Is clinical psychology an overrated career?

That's what you can read in US News and World Report (February 2008). The writer who expressed that opinion is Marty Nemko, a self-described career coach. He says that a career as a "personal coach" is a more rewarding alternative. Is his analysis of any import? No. Quite frankly his opinion is misinformed, uninformed and nonsense. Clinical psychology may be overrated if one assumes that it provides a hassle-free path to easy money and immediate gratification. Otherwise, career seekers will recognize that psychology is about challenge and satisfaction.

Nemko says that the appeal of clinical psychology is that "you'll work one-on-one with clients in a private, peaceful setting, helping them conquer their inner demons." That statement is not even remotely adequate to describe the range of career activities and options within the field. Some people enter this profession because they think we are about "helping people." Most enter because they are deeply fascinated by the roots and dynamics of the human condition.

Psychologists set forth on the career path only after completing college studies. By this point, they have been exposed to mentors and educators, as well as professionals, who have inspired them to be curious about how people think, feel and behave. At no point in the education of a psychologist will any senior member of the profession suggest that we are simply about "helping" people.

We have a rich intellectual history, and no career candidate can escape immersing themselves in our scientific methods and traditions. We are a doctoral level profession. Most of us hold the Doctor of Philosophy degree, indicating that even if we are in professional practice, we are trained first as scholars. Only those who are intensely fascinated by our subject matter and our body of knowledge will endure the rigorous training and the years of effort.

For those who are motivated to "work one-on-one with clients in a private, peaceful setting," there are many career paths. One can become a "counselor" or therapist with much less effort. And with no effort or knowledge at all, one can hang out a shingle as a "personal coach." If clinical psychology was simply about sitting in an office with patients, it is hard to imagine that it would appeal to anyone.

Nemko says that the profession of clinical psychology is being overshadowed or diminished because "research is revealing that many psychological problems have physiological roots, taking some of the luster off traditional psychotherapy." This is like saying that auto mechanics are in danger because the airline industry has an increasing number of passengers.

The fact is that the U.S. Department of Labor describes the expected growth in clinical psychology jobs as "faster than average." 24,000 positions will be added in the next ten years, a 16% increase. Right now in Great Britain, there is a major government funded initiative underway to increase the number of psychology-trained clinicians. The British government recognizes that more psychologists are needed if their system is going to provide comprehensive and effective health care.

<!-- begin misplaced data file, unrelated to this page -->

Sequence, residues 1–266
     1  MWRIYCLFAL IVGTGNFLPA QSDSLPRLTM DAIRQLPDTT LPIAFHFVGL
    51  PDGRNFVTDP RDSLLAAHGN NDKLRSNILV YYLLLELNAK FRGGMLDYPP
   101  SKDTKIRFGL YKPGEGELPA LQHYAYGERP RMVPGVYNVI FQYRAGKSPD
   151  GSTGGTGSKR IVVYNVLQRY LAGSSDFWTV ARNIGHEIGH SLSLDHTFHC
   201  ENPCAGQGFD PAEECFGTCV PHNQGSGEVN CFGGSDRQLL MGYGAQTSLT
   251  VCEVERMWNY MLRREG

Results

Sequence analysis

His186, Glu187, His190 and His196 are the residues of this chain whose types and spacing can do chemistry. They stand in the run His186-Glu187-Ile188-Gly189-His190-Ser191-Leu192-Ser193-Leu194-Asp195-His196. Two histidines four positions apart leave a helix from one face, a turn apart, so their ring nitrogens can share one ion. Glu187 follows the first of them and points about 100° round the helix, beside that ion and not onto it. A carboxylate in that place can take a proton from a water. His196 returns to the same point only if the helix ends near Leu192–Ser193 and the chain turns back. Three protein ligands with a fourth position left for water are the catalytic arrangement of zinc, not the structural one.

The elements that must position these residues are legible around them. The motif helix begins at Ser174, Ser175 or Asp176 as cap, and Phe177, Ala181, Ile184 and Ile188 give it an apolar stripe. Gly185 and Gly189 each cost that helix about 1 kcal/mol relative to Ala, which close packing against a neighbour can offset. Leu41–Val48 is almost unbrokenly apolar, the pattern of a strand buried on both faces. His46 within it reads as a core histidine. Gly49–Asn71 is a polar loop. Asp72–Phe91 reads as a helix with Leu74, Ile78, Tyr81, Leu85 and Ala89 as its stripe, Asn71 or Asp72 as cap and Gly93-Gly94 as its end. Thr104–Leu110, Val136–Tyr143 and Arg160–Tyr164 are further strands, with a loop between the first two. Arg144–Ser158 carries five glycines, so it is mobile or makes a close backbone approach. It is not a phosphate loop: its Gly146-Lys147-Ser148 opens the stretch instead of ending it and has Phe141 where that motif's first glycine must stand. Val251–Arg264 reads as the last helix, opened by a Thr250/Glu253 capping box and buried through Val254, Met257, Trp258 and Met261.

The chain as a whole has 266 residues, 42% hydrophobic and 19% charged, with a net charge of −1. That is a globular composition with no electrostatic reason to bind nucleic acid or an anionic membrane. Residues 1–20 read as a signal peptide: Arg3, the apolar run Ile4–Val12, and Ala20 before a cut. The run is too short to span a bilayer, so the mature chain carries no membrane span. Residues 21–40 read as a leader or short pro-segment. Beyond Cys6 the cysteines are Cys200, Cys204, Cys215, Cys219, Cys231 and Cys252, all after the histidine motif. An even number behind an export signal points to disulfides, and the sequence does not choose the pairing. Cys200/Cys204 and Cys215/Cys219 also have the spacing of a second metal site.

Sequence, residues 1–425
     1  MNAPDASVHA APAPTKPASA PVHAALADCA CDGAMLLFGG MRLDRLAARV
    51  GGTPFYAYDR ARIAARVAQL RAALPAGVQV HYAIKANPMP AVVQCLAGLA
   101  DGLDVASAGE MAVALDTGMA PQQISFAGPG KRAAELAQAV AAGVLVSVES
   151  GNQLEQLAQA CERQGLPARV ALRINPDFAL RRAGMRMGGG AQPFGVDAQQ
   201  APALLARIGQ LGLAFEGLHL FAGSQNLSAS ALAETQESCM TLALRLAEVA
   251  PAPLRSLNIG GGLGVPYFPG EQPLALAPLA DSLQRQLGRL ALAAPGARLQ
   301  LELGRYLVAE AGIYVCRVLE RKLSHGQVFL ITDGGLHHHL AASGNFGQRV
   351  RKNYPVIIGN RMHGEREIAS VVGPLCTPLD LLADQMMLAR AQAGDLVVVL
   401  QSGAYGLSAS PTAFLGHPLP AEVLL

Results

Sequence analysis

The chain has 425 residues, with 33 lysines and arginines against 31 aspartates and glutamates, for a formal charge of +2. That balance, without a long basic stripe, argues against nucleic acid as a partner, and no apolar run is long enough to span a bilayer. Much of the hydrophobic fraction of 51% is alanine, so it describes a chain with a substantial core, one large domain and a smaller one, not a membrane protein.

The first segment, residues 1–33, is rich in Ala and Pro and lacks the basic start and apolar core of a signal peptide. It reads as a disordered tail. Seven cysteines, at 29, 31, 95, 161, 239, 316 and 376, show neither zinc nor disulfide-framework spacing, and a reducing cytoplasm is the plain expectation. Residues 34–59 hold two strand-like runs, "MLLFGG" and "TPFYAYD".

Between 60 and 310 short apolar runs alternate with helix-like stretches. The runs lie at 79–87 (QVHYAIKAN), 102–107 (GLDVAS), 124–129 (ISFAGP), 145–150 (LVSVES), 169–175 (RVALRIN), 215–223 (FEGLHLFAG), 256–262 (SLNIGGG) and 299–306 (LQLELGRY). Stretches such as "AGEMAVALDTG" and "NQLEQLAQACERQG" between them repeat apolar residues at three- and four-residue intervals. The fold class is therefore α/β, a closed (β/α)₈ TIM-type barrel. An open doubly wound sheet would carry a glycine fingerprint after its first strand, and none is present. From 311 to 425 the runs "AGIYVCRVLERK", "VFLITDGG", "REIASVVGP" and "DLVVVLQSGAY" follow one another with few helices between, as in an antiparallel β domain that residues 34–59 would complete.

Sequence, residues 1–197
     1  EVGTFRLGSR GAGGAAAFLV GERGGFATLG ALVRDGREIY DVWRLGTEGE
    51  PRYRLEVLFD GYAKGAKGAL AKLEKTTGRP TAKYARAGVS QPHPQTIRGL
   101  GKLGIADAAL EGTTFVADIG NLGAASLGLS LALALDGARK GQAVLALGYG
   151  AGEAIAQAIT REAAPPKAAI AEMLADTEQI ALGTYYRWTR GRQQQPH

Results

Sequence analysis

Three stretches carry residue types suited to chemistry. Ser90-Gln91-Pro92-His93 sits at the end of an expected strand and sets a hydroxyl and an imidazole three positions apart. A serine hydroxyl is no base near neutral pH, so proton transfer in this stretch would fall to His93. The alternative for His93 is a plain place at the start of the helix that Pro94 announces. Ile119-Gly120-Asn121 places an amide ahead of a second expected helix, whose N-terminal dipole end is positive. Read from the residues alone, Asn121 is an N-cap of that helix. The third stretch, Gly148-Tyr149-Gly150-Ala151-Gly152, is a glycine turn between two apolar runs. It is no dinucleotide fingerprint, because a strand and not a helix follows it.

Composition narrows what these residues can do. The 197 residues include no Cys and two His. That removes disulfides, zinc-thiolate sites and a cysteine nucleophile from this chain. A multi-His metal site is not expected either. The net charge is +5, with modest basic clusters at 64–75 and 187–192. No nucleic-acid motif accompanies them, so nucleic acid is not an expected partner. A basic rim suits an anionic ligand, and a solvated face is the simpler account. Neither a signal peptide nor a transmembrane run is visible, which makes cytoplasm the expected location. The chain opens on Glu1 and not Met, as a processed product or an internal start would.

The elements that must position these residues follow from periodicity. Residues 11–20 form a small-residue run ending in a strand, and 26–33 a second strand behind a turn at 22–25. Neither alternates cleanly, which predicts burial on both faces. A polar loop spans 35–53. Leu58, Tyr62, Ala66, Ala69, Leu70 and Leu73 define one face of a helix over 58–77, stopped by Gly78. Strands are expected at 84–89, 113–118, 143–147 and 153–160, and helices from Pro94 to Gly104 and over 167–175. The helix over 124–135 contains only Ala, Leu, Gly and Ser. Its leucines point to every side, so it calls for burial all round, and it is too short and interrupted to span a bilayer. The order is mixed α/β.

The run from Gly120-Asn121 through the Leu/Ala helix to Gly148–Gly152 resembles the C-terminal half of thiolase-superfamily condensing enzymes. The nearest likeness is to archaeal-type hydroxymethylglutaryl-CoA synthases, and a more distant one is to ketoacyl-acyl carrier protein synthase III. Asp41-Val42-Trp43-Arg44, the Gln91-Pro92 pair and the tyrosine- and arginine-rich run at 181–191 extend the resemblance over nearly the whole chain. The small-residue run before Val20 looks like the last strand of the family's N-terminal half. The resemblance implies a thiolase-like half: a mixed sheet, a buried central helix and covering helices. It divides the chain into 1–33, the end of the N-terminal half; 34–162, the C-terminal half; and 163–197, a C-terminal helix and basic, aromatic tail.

Nemko also says that people are rejecting psychologists in favor of therapists and coaches who can provide practical solutions to the problems of living. He would like you to believe that those who are trained to understand the complexities of those problems are incapable of helping you to solve them. It's like saying that if your gardener understands how and why the grass grows, she won't know how to cut the lawn.

Is psychology an overrated career? If you think that it's an easy path to easy money, then it is overrated. Psychologists pursue this field of work because they are deeply fascinated with our profession's rich knowledge base. Psychologists are motivated by scholarly inquiry. If you pursue this career because you think it is glamorous or will provide prestige, you are bound to be disappointed. It is a difficult path from college graduation through graduate study and training. And when you arrive in the profession, you are left with nothing more than a challenging, satisfying and rewarding career.

Was the analysis and ranking from the US News and World report really worth anything at all? One only has to look at the online video that accompanied their list of overrated careers. In the videos, an architect describes the hassles and frustrations of his business. He also comments on what is "wonderful" about his career and "where the joy comes from." He ends by saying, "if you don't have the passion I have, forget it."

In the end, that is not the definition of an overrated career. A career that can be described as wonderful, and as a joy, and as a source of passion is not something that should ever be described as overrated. It is not true about the architect who was featured, and it is not true about clinical psychologists.

Copyright, Paul G. Mattiuzzi, Ph.D.